High Stake and Long Standing Corporate Legal Battle: TATA vs MISTRY

Introduction

Tata trust set up in the 20th century was in the spotlight because of Cyrus Mistry. Tata trusts were granted special dispensations by successive governments in terms of both income tax exemption and the right to investments in corporate entities.[1]

When Cyrus Mistry took over, he was the first Tata sons Chairperson in the group’s history not to be made Chairperson of the Sir Dorab Tata Trust. Ratan Tata retains the position of Chairperson of two major trusts and Mistry did not have powers normal Chairperson of the board would have had.[2]

The article of association relating to appointments and removal of future Chairpersons was revised with Nusli Wadia’s guidance so that all the appointments and removals of directors have to be first cleared by the trusts.[3]

Also Read: Liability of a Company: Tortious, Civil, Vicarious and Criminal

On the other hand in 2002, the companies Act was amended on several occasions, but few seemed to have noticed that the change in section 153A i.e. appointment of public trustee- the central government may by notification in the Official Gazette, appoint a person as a public trustee to discharge the functions and to exercise the rights and powers conferred on him by or under this Act[4]. It was Tata specific change. [5]

In simple words the change made in 2002 allowed Tata Trusts to vote directly on the Tata sons board and not through a government-nominated trustee. The result of which is in present.

Also Read: MC Mehta vs Kamal Nath

NCLAT Ruling

Following the outcome, in 2016, Cyrus Mistry moved to the Mumbai Bench of National Company Law Tribunal challenging his removal from the trust and majority shareholder of Tata Sons, the Tata sons was indulges in the oppression of minority shareholders of the group.

In 2017, NCLAT upheld Mistry removal and stated that “Removal of Cyrus would have become heart-burn not only to Mr. Cyrus but to others holding the shareholding of the petitioners, but it cannot ipso facto become a grievance”[6].

In 2019, NCLAT reinstated to the position of executive chairman of the Tata Sons and Director of the Tata groups of companies for remained tenure.

Read: NCLAT 2020: Withdrawal of a successful Resolution Plan not permitted under IBC, after approval by CoC

The journey in Supreme Court

The questions raised by Cyrus Mistry are[7] –

  1. Whether charitable trusts can be used to control a major business empire, rather than fulfill the philanthropic objectives for which they were formed.
  2. It also mentioned that the removal of Cyrus Mistry as the executive chairman and director was “oppressive” and “prejudicial”.
  3. Article 75 of association was also in the question. The article is related to the right to purchase shares from a minority or a small shareholder at a fair market value.

Cyrus Mistry was under the fear that Tata Group might use article 75 to buy SP group and urged SC to not allow the same.

 Read: LGBTQ – LGBT equality in India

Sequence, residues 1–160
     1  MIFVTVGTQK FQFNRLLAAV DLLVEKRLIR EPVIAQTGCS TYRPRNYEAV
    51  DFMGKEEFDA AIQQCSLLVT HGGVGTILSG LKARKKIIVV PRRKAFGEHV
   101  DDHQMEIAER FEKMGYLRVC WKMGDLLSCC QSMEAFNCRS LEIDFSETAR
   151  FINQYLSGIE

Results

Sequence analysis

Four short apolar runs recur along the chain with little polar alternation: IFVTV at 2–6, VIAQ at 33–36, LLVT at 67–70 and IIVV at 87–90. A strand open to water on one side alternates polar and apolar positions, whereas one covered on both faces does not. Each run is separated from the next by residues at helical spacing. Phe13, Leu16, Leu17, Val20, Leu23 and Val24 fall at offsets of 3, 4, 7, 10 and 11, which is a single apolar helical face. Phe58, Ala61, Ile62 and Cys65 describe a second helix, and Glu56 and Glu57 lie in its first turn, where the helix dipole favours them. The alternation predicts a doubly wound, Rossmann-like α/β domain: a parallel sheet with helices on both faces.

What did SC observe?[8]

  1. In the general meeting of the shareholders of ‘Tata Sons Limited’ or the Board of Directors, the majority decision is fully dependent upon the affirmative votes of nominated Directors of   ‘Tata   Trusts’.   The affirmative vote of the Directors nominated by ‘Tata   Trusts’   has an overriding effect and renders the majority decision subservient to it. And hence court made it clear that NCLAT had no jurisdiction to hold any of the Articles as illegal or arbitrary, the terms and conditions being agreed upon by shareholders.
  2. The SC in its judgment stated that by all records presented it is not open to the respondents to state or allege that loss in different ‘Tata Companies’ was due to mismanagement of CPM.
  3. In concern raised by Cyrus under Article 75 of association, the court observed that after attacking Article 75 in NCLAT the SP group cannot ask the court to go into the question of fixing fair value compensation for exercising an exit option.
  4. The court noted that in the 2013 companies Act provisions, only protected small shareholders since the SP group was not small but minority shareholders there were no statutory provisions that provided them ‘right to claim proportionate representation on the board of Tata Sons.

Read: Rectification of Trademark in India

Future of both the parties

Since the post of Executive chairman was just a designation and not to forget Executive chairman is not recognized in the Companies Act, mere removal from the post did not undermine Cyrus Mistry’s responsibilities towards the company, has he was removed as Executive chairman and not as a director, the fiduciary duties towards the company to keep boards matters confidential continues.

Yet, it will be more important to cover the loophole been exposed in the case, All the minority shareholders to have an agreement to that effect as well as the articles of association to capture allocations and divisions of board seats.[9]

 

-Shreya Patel 

(Writer, The Legal State)

 

References:

[1] https://www.businessinsider.in/business/corporates/news/ratan-wins-the-fight-against-cyrus-mistry-at-the-supreme-court/articleshow/81701951.cms

[2] https://www.hindustantimes.com/india-news/in-the-mistry-battle-how-and-why-the-court-swung-in-favour-of-ratan-101617276897762.html

[3]https://www. indianexpress.com/article/explained/explained-supreme-court-rights-of-minority-shareholders-tata-mistry-judgment-7251412/

[4] Companies Act,1956 Bare Act pdf

[5] SUPRA NOTE 3

[6] https://indianexpress.com/article/explained/five-aspects-on-which-sc-overruled-verdict-of-company-law-tribunal-7247170

[7] Supra note 6

[8] https://www.livelaw.in/pdf_upload/sons-v-cyrus-mistsry-391125.pdf

[9] Indian Express newspaper E.EXPLAINED Pg.10 31st march 2021

Leave a Comment

close